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Lang and co-pilot Lt. Col. Greg Yoschak simply piloted the aircraft over the International Dateline on the way to Chinggis Khaan International Airport, Mongolia, to retrieve several dozen Alaska Army National Guard members and a handful of 716th Explosive Ordnance Detachment Soldiers who participated in Khaan Quest 2018 for three weeks. Khaan Quest is a combined (multinational) joint (multi-service) exercise designed to strengthen the capabilities of U.S., Mongolian and other partner nations in international peace support operations. The return trip, mirroring the C-17 crew's journey out to Chinggis Khaan, required two legs -- a 5.5-hour hop from Mongolia to Japan and 7.5-hour leg from Yokota to JBER. Lang and Yoschak said the landing approach in Japan was pretty standard despite being next to the world's most populous metro area and offering a bird's-eye view of Mount Fuji. The approach to Chinggis Khaan International differed from landing at U.S. air bases, Lang said, because the tower gave him instructions using metric measurements -- meters and kilometers instead of feet and knots, which required quick conversions on the part of the pilots. After mandatory crew rest, the Airmen met their passengers and cargo the following morning. Tech. Sgt.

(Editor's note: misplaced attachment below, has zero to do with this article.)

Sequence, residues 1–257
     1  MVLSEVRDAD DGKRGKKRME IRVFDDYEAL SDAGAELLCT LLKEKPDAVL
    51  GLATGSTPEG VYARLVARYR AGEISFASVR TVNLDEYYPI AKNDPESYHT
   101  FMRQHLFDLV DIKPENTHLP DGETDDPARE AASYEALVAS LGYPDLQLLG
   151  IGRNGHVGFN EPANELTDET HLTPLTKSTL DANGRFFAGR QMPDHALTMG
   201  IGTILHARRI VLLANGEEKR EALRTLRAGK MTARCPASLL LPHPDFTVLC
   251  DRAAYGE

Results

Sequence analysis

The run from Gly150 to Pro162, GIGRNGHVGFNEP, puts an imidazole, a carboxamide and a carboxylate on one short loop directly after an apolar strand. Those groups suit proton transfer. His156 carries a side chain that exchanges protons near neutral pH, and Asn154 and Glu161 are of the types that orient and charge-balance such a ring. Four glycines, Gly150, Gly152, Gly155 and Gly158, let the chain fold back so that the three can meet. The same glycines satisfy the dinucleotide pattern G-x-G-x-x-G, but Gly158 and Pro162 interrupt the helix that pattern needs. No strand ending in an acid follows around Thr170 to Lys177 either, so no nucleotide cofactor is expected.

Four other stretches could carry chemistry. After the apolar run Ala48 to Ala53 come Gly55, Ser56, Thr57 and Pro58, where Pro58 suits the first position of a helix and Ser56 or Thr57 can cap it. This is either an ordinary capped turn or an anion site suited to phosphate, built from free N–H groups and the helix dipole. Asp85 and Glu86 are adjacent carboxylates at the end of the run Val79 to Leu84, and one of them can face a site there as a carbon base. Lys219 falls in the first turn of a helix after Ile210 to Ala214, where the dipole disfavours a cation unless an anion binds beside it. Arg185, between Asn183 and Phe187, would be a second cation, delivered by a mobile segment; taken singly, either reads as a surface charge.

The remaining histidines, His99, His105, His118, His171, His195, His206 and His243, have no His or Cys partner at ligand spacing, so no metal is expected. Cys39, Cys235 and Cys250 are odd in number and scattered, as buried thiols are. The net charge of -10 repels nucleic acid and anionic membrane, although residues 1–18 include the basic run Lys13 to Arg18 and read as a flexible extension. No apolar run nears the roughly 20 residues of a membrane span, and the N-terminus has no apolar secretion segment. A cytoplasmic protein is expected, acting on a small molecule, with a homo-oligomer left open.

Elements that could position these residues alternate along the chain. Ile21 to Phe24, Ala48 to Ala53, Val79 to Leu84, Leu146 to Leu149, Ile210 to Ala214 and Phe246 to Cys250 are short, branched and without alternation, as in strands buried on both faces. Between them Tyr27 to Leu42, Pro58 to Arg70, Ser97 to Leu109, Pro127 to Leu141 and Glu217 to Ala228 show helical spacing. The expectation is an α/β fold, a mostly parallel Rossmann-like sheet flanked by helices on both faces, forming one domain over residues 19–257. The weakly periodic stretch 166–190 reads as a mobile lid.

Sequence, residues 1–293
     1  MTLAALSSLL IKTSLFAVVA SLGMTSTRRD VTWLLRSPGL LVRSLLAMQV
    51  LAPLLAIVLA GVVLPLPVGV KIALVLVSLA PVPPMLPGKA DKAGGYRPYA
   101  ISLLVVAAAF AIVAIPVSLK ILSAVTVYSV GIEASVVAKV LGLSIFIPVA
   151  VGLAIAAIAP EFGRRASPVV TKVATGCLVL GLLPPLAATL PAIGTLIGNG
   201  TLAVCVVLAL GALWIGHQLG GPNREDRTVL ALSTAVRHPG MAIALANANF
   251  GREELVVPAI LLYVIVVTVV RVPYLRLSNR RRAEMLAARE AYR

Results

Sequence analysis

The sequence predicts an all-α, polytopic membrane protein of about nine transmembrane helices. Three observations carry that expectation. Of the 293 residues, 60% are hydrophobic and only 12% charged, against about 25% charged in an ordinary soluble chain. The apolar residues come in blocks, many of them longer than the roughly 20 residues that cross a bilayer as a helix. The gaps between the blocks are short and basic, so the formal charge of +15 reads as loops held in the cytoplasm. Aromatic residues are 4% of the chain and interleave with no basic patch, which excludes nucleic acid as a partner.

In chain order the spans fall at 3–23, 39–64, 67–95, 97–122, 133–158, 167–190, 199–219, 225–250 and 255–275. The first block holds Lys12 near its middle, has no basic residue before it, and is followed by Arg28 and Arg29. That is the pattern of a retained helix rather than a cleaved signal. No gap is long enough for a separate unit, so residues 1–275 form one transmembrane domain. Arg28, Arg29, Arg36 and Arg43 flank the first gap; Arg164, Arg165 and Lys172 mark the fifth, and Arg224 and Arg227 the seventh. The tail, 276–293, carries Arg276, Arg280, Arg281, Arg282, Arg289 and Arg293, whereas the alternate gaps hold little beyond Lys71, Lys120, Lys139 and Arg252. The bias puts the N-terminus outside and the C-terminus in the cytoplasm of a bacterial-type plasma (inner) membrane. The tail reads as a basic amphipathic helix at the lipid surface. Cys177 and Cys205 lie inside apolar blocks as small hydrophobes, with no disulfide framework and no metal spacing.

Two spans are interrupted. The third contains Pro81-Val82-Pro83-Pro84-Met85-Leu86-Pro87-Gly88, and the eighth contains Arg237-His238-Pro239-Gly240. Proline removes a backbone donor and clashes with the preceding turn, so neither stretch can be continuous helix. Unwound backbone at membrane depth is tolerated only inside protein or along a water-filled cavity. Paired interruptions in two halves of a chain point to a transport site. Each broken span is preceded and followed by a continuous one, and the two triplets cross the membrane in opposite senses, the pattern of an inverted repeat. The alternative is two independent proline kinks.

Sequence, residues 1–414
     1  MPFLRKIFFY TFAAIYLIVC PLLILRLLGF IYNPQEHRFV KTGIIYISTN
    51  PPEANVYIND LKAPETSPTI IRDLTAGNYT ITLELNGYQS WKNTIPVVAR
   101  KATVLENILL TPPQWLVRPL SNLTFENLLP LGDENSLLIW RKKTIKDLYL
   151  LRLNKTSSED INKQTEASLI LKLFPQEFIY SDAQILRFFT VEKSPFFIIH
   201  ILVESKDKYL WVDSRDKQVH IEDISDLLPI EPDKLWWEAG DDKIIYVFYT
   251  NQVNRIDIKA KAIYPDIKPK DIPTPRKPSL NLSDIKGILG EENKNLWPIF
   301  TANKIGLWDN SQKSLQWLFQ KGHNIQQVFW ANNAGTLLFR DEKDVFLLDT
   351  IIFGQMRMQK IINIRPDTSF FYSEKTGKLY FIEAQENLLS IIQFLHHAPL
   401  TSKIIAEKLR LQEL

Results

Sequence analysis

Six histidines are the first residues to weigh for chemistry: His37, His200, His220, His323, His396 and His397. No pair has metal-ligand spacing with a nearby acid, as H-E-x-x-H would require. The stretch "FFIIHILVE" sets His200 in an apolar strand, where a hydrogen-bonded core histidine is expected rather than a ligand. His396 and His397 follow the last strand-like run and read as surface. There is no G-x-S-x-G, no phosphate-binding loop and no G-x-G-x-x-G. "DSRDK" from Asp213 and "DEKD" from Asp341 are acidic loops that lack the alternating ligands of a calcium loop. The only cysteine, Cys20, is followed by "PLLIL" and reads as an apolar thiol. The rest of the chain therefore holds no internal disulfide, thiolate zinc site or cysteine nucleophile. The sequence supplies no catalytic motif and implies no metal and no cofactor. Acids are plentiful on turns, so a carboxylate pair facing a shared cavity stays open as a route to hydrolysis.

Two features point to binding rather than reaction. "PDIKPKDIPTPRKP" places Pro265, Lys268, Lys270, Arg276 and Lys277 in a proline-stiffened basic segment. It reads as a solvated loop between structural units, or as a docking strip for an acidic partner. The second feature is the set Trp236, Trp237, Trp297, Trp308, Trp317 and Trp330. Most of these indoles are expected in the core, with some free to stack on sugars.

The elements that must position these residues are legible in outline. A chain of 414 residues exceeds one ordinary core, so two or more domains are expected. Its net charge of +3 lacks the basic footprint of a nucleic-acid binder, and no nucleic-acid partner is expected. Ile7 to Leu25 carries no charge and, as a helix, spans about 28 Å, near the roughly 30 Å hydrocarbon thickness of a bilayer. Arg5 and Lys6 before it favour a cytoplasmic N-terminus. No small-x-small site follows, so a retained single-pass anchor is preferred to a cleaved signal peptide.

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In a destination notorious for hard-to-acquire reservations, how do you get a seat at a top-notch restaurant ? To answer all of these questions, and more, we’ve compiled eight tips that will help assuage many of your worries and make your trip to this amazing island nation easier. If you’re traveling beyond Tokyo or plan on hopping around the country, look into purchasing a JR Pass . This ticket will allow for unlimited travel on any trains (with the exception of the Nozomi and Mizuho Shinkansen), buses, and ferries operated by Japan Rail and are valid for one-, two-, or three-week periods, which can lead to hundreds in savings depending on your itinerary. To help you get around, use HyperDia (they also have an app) for accurate timetables and to see if your route is covered by the pass (there’s an option to exclude private operators from showing up in your searches). Historically, these passes had to be ordered and shipped to a traveler ahead of time, but earlier this year the JR Group decided to temporarily allow selling them at a select number of rail stations. There’s no telling if this will continue after the trial period, but keep in mind that it’s also more expensive to purchase one on-site than to have it sent to you. Pasmo and Suica cards are ubiquitous among locals. They are like the equivalent of a MetroCard in New York City, allowing fluid access to public transportation, saving time (and potential confusion) at ticket machines. These become particularly useful should you need to hop onto a short-distance train or bus that’s not covered by your JR Pass, but you can also use them to pay for taxis and purchases at convenience stores or vending machines. Pick one up at a subway station or order it with your JR Pass and tap away.
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